An important consideration in coming to Central Otago and choosing our land was our desire to be environmentally sensitive. This applies to our site selection, vineyard development, its management, and ultimately our decision to be organic farmers. Pisa Terrace® Vineyard is Biogro certified. The most important advantage of organics for us is the ability to grow outstanding quality grapes that are healthy. In our wine, that translates into maximum expression of our vineyard site, that specialness that French call “terroir”.
Sheep graze the vineyard when the vines are dormant. They contribute organic matter while keeping intervine growth short as we enter bud break and frost season. We have kept the original vegetation between the rows, which is predominantly Lucerne and Vipers Bugloss. The later is highly attractive to bees and other insects, which keep our vineyard literally humming. Vine growth is beginning to show good balance in canopy growth (aside from wind battered areas).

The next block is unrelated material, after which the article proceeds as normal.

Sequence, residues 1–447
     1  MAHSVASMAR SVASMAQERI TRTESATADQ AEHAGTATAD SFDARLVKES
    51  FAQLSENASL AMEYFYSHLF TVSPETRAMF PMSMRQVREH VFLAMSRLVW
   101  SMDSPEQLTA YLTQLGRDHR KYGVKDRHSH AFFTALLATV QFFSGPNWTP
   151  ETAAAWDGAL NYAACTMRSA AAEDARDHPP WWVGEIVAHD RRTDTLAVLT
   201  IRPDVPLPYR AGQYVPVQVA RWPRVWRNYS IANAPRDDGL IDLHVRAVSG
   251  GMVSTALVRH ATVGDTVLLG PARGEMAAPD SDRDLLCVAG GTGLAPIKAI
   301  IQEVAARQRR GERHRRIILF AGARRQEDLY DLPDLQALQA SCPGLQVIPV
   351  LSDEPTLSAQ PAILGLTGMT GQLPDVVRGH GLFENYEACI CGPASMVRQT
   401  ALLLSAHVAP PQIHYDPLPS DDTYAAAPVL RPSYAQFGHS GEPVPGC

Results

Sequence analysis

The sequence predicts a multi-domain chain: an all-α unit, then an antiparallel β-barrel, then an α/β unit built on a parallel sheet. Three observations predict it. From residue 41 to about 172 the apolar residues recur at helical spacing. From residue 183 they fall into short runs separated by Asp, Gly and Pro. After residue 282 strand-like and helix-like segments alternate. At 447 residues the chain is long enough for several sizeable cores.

We use a Braun cultivator (hoe-like tractor attachment) for weed control under the feet of the vines, plus a hand hoe to get at hard to reach spots.
Our compost pile grows in volume every year and replenishes soil nutrients and microbial activity in our soil. A key ingredient is the marc or grape waste from the winemaking process.
Rabbits are a common problem in Central Otago, as they have no predators, and we wage a constant battle to limit their population inside our vineyard fence line. They are voracious eaters of young vines and occasionally irrigation tubing.
Our vigilance has paid off, as we now only occasionally spot rabbits inside the vineyard.
We irrigate to keep the vines alive during the growing season, but are sparing in our use of water. We monitor the moisture level in the leaves on a weekly basis with the use of a pressure bomb. This tool gives us a realistic idea of the water stress level of the vines, and has helped us dramatically cut water usage. This encourages the vines to ripen fruit at lower sugars and potential alcohol, which is important to our wine growing.